Tony Blair says Barack Obama should make Middle East peace a priority
The Middle East envoy Tony Blair has called on the American president-elect, Barack Obama, to become fully engaged in the peace process in the region.
The former British Prime Minister said negotiations between Israel and the Palestinians required Mr Obama's energy, commitment and dedication.
He was speaking in the Egyptian resort of Sharm el-Sheikh after a meeting of the Quartet of Middle East mediators.
It is understood hopes are fading for a peace deal by the end of the year.
At the meeting envoys from the US, the UN, the EU and Russia were briefed on the progress of a deal by Palestinian and Israeli leaders.
In response, they announced plans to hold a Spring conference in Moscow, which analysts are viewing as a tacit admission that there will be no peace deal before US President George W Bush leaves office, as he had hoped.
By Spring, February's Israeli elections will have produced a new government and Mr Obama will be in office.
I think for the new president coming in now, there is a great obligation obviously, but also a great opportunity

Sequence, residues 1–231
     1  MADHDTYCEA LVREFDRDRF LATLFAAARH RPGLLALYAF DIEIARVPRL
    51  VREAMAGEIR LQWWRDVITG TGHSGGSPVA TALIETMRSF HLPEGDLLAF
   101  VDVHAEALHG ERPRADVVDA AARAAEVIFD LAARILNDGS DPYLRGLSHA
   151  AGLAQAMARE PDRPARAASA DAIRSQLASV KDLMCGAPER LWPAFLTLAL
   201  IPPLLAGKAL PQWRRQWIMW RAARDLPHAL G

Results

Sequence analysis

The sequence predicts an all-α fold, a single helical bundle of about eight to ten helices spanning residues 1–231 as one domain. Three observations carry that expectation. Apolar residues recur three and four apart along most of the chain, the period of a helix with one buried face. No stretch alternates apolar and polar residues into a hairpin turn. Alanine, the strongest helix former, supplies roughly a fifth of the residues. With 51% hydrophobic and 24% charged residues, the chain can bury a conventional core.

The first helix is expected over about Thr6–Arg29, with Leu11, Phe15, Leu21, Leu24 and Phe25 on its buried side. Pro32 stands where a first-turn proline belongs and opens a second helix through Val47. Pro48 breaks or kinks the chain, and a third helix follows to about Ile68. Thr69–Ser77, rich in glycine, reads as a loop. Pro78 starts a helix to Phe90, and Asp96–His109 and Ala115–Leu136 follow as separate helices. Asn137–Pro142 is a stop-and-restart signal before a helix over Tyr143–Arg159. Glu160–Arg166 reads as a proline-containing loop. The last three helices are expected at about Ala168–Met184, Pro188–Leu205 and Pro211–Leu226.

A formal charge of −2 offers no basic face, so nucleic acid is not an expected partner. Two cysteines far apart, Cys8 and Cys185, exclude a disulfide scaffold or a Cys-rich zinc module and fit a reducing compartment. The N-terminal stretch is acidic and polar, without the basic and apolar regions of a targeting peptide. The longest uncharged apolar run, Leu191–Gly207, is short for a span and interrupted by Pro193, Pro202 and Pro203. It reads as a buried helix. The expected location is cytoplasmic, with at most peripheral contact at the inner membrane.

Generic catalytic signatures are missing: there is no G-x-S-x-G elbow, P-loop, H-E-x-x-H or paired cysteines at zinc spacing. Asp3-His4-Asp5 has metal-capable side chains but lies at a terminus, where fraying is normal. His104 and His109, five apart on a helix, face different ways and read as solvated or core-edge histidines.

The Quartet's envoy, Tony Blair, said it was important that the incoming Obama administration "grips this issue from day one" and makes the Middle East an urgent priority.
He told the BBC there was now "a platform on which to build - I wouldn't put it higher than that".
"I think for the new president coming in now, there is a great obligation obviously, but also a great opportunity," he said.
"And from all the conversations that I've had with Barack Obama over the past period, I'm sure that he treats this obligation and opportunity really seriously and wants to move it forward."
He went on to say a great deal of work needed to be done to reach a peace settlement but he insisted genuine progress was being made.
Tony Blair on the Middle East peace process
"You haven't had the peace deal, the peace agreement that everyone wanted to see by the end of this year," he said.
"What you have got, however, is a process that, as the Israelis and Palestinians explained today, they want to continue, where there has been substantial progress made, but where obviously we've going to have to do a lot more in order to bring it to fruition.
"But I think, at the very least, what you've got for the very first time is an agreed strategy between the international communities as to how we're going to resolve it."
The core issues dividing the two sides include the status of Jerusalem, the borders of a future Palestinian state and the fate of Palestinian refugees.
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